The American Way #2 (John Ridley/Georges Jeanty, DC/Wildstorm)
After giving the first issue the benefit of the doubt, I thought this issue just gave in to the all the problems I was hoping the series would avoid. The twist ending from last month turns out to be much less sinister than it appeared, and Ridley covers so much time in this issue that he's got no room for character development. There's way too much narration and not nearly enough illustrative action, and it's hard to care what happens to any of these people since even the main character is just an exposition-delivering cipher. Ridley doesn't seem to have much new to say about the turmoil of the 1960s, either, and since he's also not telling an exciting superhero story, I think I'm going to pass on seeing where things go next.
Nextwave #3 (Warren Ellis/Stuart Immonen, Marvel)
If possible, even weirder than the first two issues, with characters spouting non sequiturs presumably just because Ellis thinks they are funny, and Dirk Anger trying to kill himself with a giant inverted pistol. At the same time there is internally consistent character development and team dynamics, and it's all quite funny. The perfect antidote to endless, super-serious superhero crossovers.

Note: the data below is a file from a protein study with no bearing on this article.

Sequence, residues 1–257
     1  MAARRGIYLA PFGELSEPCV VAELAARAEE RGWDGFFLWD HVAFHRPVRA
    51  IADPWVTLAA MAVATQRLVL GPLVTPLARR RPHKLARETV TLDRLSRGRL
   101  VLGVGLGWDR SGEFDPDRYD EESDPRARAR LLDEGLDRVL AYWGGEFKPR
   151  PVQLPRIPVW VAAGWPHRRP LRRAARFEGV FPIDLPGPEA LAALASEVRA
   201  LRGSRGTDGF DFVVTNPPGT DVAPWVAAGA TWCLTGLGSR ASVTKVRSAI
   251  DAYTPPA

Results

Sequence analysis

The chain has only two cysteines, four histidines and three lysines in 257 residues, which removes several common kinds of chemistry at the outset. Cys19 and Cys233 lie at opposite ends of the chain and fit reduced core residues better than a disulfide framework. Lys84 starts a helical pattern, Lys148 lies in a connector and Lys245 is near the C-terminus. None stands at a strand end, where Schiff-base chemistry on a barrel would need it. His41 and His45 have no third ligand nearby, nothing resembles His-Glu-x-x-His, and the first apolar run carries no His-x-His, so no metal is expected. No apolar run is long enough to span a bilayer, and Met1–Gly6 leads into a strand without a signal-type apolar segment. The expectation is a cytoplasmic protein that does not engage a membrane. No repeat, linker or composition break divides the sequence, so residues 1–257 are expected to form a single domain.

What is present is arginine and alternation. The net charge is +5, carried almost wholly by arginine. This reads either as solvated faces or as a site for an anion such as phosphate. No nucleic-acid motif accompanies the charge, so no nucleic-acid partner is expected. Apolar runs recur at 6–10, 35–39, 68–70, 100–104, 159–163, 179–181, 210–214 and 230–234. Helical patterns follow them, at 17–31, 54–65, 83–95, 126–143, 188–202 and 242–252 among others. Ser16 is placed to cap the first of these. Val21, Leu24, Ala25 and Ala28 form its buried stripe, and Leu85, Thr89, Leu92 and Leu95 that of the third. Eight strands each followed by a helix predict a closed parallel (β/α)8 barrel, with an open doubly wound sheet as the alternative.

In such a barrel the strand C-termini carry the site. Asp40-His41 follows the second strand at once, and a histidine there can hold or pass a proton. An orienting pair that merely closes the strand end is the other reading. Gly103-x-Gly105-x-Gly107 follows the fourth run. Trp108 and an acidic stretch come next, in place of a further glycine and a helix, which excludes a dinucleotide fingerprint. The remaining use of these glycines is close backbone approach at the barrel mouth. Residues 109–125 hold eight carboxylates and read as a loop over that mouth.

Noble Causes #18 (Jay Faerber/Fran Bueno, Image)
Faerber pulls a nice switch on the expectations set up by all the promo copy promising a "devastating loss" for Race, which in light of recent events one would assume to be Liz's death. Instead, Race loses his powers, which is a more interesting twist, and the Blackthornes defeat the Nobles in a way that is perfect for this book - by turning the tide of public opinion against them. Another way that Faerber has used soap opera conventions to liven up his superhero stories. This also marks Bueno's last issue on art, and although he started out sort of shaky, he's really developed a distinct, appealing style, and while the preview art for next issue looks decent, I'll still be sad to see him go.
She-Hulk #6 (Dan Slott/Will Conrad, Marvel)
A fun little story pushing forth some subplots and making good use of Starfox, a character with whom I'm not especially familiar. Conrad's art is straightforward and somewhat generic, but serves the story better than Juan Bobillo's stylized work. What will really be exciting is when Paul Smith shows up as regular artist starting with issue 8.
X-Factor #5 (Peter David/Dennis Calero, Marvel)
The first real misstep in this series, with David doing a tired and fairly pointless riff on Misery for nearly the entire issue, not advancing any of the ongoing storylines and pushing most of the regular cast aside in favor of a lame, throwaway villain. Calero finally gets a whole issue to himself, and he does a decent enough job, but I still prefer Ryan Sook's clean, thick lines to Calero's more scratchy style.